When the specific material medium does not matter, life becomes the medium itself. And the dialogue can happen only when all the different stages of work come together in a conversation: research, documentation, and the work of weaving itself. It is a dialogue at an individual level first, but it is indeed going out of oneself, taking place with others, and ultimately, across the cultures of the world. But this is not the ultimate destination. Creations may reach a global audience, a large reception, but they must bounce back to the local context. Sometimes, local issues are talked about at an international level, but this does not make a difference to the local. How does the local environment react to this awareness? Does it respond to it at all? The process of creation is coming out of a turmoil within me, and it comes back to me through this reception. In the same way, local issues must also, as they reach a global context, create a turf, back to the local, to make a difference.
Beyond individual initiatives, art can indeed facilitate dialogues, but on the condition that we gain clarity as to the nature and becoming of craft traditions today. Artisans are invited to show their works in exhibition spaces, or to prepare their crafts for touristic events, rather than catering to the people of their localities. Things are going to change, and we must get ready to accept those transitions. Many traditions may carry on, or just die of their natural deaths. But it will not be sustainable, in any case, if the effort is made from outside. Only initiatives from the communities, from each system, can work. The crafts and skills have their own strength to exist. I often tell the example of this village where we went. There were two craftsmen. One was willing to go by what we suggested. The other refused to do it, saying that the minute he goes with us, he would lose his local clientele. Once this is lost, the natural death of his craft will not be far. The work brought from outside, imposed on him, produces a short-term effect.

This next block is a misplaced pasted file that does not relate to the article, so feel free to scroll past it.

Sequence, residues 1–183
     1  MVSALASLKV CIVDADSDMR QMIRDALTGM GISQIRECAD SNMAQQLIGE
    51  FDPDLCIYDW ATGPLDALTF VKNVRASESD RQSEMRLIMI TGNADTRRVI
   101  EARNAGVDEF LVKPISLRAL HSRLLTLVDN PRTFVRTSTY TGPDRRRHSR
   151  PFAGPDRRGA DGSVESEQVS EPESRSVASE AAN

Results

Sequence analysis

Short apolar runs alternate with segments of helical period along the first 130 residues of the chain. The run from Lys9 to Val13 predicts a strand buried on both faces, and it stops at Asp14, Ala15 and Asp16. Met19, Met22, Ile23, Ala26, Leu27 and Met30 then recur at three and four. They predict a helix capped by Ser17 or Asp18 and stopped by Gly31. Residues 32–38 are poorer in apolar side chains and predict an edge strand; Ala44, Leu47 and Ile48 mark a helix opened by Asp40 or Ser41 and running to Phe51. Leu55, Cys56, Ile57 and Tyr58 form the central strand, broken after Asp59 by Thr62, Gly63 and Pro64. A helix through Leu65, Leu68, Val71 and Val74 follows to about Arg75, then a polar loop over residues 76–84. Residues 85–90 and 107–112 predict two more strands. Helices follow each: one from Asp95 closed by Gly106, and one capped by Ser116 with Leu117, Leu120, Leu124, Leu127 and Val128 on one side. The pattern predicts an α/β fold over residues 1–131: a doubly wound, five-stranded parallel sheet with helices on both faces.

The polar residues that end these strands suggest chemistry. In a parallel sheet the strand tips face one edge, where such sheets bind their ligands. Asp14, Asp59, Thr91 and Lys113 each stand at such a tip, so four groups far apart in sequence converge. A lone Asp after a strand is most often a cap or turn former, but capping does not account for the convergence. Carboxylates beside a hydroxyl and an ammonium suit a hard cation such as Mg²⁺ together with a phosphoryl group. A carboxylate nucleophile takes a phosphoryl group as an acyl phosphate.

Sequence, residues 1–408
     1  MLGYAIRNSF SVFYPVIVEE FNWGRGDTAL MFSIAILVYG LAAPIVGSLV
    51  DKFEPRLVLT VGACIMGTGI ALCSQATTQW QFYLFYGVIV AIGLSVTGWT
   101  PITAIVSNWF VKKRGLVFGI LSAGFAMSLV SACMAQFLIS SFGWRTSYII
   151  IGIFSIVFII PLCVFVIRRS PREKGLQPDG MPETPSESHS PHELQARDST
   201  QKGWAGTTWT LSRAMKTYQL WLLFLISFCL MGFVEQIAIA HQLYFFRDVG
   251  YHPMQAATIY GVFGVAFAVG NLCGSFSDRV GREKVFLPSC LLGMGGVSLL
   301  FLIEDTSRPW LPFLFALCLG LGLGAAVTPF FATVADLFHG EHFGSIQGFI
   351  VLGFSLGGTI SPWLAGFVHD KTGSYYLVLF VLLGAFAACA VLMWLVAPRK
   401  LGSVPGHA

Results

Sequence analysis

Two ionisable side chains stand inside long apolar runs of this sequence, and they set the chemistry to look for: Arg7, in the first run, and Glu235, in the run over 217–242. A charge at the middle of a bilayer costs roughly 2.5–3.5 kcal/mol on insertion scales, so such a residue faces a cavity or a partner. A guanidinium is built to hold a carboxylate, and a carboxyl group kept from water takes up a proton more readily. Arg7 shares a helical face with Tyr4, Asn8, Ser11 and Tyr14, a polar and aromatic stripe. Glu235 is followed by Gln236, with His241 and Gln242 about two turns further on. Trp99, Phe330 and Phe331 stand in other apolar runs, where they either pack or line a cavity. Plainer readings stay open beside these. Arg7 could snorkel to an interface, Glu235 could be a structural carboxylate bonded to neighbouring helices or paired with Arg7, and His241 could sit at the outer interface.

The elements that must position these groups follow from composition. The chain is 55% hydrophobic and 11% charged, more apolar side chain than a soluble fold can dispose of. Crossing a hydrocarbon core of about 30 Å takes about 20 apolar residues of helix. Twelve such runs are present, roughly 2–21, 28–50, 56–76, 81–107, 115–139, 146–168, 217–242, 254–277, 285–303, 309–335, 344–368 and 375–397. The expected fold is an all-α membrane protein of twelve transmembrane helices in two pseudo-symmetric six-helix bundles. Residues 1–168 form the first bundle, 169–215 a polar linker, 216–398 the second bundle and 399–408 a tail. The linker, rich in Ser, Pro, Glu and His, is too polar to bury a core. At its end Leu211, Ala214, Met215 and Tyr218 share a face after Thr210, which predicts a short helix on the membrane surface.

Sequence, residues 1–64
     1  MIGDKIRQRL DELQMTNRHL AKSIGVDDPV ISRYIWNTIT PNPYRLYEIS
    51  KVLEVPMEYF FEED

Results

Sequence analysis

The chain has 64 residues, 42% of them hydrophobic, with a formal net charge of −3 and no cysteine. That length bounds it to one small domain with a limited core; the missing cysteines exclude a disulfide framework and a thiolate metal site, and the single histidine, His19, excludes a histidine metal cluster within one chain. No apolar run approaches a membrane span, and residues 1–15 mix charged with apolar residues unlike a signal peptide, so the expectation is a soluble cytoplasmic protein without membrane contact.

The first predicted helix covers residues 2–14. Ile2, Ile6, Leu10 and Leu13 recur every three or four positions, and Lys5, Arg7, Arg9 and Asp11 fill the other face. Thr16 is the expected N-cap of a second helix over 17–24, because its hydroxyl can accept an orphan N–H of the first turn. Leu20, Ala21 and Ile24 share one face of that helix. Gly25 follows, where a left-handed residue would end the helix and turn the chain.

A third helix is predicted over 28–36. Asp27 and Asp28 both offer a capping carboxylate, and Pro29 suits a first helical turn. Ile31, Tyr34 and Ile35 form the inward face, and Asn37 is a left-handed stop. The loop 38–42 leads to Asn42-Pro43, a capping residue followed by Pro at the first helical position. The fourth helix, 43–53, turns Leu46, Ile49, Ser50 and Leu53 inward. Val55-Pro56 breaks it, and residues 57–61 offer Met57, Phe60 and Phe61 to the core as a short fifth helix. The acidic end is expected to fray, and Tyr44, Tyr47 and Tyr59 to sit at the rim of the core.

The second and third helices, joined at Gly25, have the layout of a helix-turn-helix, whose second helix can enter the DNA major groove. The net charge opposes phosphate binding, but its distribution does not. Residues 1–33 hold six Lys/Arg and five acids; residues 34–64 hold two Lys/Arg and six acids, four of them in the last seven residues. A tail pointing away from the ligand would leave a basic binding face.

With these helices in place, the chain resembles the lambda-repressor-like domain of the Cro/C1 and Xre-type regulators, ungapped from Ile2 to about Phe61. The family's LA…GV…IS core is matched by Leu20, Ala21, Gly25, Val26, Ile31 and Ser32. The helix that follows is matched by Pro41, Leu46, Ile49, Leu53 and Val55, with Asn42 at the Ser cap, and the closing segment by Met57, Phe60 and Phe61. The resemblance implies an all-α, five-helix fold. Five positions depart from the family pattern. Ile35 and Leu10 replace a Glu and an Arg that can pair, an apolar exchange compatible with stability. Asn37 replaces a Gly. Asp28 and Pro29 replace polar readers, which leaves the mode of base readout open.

Through the years, I have been involved with many textile people from various parts of the country. Every time, there is something to learn from sitting with them. One question is still puzzling me, however: what do we give them back? What do they gain in return? I came to realise that recognising the process of their work, valuing their work and appreciating their self-respect is the least they must get in return. The work, made by hand, has to be valued.
Art and Life
This respect for their occupation is fundamental. An occupation, indeed: those craft-makers had, for a very long time, nothing to do with art, with aesthetics. These were the occupations of a people. There was a function, a meaning behind each thing created. The minute we use the object for another, outer purpose, its initial meaning is gone. As a designer, I was confronted to this issue: I would go to the field, documenting different crafts, various textiles, to understand what they were meant for. But once you bring a design or a motif elsewhere, for another purpose, its meaning is lost. You cannot use a motif for bath towel when it was initially designed for a ritual practice in a temple! This requires local-based knowledge. In Gujarat, wool is considered as pure. It is a local resource. But in Bihar, silk is the pure material. It is used in temples. The same material acquires different meanings and values across spaces. When looking at the craft with outside references, we lose its meaning.
One remembers Gandhi’s philosophy on production: making clothes from one’s own people, in order to make the tradition sustainable. When outsiders come and try to set up an artificial ventilator, there is always a risk to pull it off. If the workers can breathe on their own, with their own strengths, death may happen, but then it will be a natural death. This is beyond textile: this is the reality for terracotta, for wood, for metal and other materials. It is a story of sustainability and survival.